Narrated by Kirby Hayborne
Length: 10 hours 31 minutes
In this haunting menagerie of a novel, three disparate people find themselves thrown into a complex identity theft of grand proportions. While some of them realize a little too late, some don’t even have the chance to figure out where they’re going or who is orchestrating the madness that surrounds them. Miles Chesire has been looking for his twin brother, Hayden, for years. Hayden, a very sophisticated yet mentally ill man, has kept Miles consistently one step behind him for the last ten years. The only reason Mies even knows that Hayden is alive is due to the letters that await him at every dead end in his quest to find his missing brother. Meanwhile, Lucy Lattimore, a plain young girl with no prospects, has just graduated from high school, and rather than face a dead end life has decided to run off with her bright and attractive former history teacher. The two have a plan that will involve the theft of millions of dollars while granting them new identities. In the third narrative arc, Ryan Schuyler, a young college student, has just learned some shocking news about his family that results in him walking off campus into a sordid life, never to look back. Presumed dead in his rush to abandon his old life, he will find that his new life holds more danger than he could have ever imagined. In this tense and winding tale, Dan Chaon will twist each of these stories together into a tight and punishing knot, leaving the reader to uncover the single thread that ties all of them together—a stunning secret that reveals itself once the ultimate horror has already been inflicted upon each of them. A masterful work of literary suspense, Await Your Reply is a terrifying look into the world of charismatic mania and the theft of the most basic thing in the world: our separate and mingled identities.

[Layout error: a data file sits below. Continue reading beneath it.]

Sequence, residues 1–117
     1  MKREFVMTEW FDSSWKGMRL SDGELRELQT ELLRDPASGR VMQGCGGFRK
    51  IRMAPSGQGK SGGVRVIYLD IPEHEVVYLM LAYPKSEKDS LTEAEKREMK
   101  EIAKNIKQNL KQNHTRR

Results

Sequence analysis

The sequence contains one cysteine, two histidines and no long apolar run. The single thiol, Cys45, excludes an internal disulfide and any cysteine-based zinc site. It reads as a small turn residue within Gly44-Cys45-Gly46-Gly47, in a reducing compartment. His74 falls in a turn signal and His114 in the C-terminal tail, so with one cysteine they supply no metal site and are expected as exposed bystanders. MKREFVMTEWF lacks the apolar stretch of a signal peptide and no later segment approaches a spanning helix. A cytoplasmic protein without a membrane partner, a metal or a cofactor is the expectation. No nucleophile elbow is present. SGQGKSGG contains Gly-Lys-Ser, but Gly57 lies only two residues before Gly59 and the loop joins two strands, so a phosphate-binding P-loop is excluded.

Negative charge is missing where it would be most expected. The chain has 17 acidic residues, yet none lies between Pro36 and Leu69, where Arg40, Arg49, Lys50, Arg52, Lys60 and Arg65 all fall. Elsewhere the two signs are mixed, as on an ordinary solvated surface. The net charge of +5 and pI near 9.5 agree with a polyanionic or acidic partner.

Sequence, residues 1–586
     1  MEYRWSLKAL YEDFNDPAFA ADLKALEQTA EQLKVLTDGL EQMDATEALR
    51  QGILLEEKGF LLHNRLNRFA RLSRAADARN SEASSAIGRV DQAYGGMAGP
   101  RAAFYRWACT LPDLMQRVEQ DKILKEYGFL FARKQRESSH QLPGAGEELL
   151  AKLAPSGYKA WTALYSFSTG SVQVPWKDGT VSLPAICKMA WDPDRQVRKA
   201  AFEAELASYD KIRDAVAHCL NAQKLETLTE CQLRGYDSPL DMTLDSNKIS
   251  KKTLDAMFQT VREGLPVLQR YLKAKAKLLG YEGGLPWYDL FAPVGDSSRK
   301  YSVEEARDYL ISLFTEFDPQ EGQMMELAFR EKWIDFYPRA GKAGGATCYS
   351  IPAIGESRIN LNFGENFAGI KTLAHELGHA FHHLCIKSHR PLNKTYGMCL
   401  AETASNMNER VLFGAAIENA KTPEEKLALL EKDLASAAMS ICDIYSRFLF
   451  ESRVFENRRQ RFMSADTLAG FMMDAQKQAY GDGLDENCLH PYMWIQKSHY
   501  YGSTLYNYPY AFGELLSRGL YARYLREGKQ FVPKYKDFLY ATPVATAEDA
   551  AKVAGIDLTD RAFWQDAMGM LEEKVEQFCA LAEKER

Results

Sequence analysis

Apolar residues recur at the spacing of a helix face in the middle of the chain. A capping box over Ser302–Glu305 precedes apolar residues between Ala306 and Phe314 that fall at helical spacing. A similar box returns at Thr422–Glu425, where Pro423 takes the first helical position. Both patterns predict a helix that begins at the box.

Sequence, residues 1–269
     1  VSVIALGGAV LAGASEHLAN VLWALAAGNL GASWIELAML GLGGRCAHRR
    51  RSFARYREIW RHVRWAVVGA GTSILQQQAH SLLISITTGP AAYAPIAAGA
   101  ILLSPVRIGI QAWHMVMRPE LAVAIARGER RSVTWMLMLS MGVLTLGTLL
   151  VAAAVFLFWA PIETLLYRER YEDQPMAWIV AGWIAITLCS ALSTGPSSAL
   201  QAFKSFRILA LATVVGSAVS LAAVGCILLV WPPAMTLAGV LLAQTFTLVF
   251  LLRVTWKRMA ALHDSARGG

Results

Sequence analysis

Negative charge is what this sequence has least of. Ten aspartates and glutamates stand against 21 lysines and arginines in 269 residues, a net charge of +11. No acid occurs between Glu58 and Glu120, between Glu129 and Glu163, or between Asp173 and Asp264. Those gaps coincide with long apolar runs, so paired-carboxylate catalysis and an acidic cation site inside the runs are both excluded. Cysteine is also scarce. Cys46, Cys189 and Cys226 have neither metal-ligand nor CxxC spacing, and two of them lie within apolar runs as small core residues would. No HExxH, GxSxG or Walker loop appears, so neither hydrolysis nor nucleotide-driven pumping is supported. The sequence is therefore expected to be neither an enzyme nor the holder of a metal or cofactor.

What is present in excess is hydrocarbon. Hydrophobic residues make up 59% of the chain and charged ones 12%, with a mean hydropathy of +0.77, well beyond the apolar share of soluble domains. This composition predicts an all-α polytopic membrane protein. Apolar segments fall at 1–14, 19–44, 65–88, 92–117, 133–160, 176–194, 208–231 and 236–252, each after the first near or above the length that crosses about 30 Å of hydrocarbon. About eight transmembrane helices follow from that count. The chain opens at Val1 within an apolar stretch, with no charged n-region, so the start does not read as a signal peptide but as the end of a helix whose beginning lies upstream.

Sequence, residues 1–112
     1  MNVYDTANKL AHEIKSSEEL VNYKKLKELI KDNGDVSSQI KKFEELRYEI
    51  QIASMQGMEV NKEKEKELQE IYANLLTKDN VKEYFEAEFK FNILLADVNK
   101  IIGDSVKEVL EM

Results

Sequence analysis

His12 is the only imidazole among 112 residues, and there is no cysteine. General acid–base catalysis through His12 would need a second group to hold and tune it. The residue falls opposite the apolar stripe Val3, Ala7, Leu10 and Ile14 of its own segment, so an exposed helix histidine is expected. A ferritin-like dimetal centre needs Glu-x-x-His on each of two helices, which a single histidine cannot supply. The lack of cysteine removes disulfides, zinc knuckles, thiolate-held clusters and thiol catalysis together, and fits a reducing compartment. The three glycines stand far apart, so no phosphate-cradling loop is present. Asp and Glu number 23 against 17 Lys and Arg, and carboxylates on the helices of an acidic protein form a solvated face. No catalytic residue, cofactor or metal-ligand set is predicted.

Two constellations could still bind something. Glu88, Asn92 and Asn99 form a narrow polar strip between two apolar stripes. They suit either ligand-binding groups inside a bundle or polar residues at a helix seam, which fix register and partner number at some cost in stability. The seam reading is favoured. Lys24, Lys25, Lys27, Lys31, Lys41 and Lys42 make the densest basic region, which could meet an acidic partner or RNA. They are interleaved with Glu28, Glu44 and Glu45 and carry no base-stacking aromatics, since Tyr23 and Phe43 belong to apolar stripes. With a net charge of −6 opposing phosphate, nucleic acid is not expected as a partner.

After hearing so many great things about Chaon and his stellar writing skills, I picked up this book for review knowing that it was a favorite of Marie over at Boston Bibliophile. I do confess that I got more than I ever expected from this dark and sinister tale, and was glad that I chose the audio version, narrated by Kirby Heyborne. Heyborne delivers this tale with a great amount of verve and savvy, creating a sinister vibe that is belied by his calm narration. I think his unaffected vocal inflections actually made this book more menacing, and his ability to never lose control of his vocal mastery left me more and more anxious about what was to come. Never did Heyborne drop the ball or flub his delivery, which only added a layer of subtle nuance to the tale and keep me guessing until the end.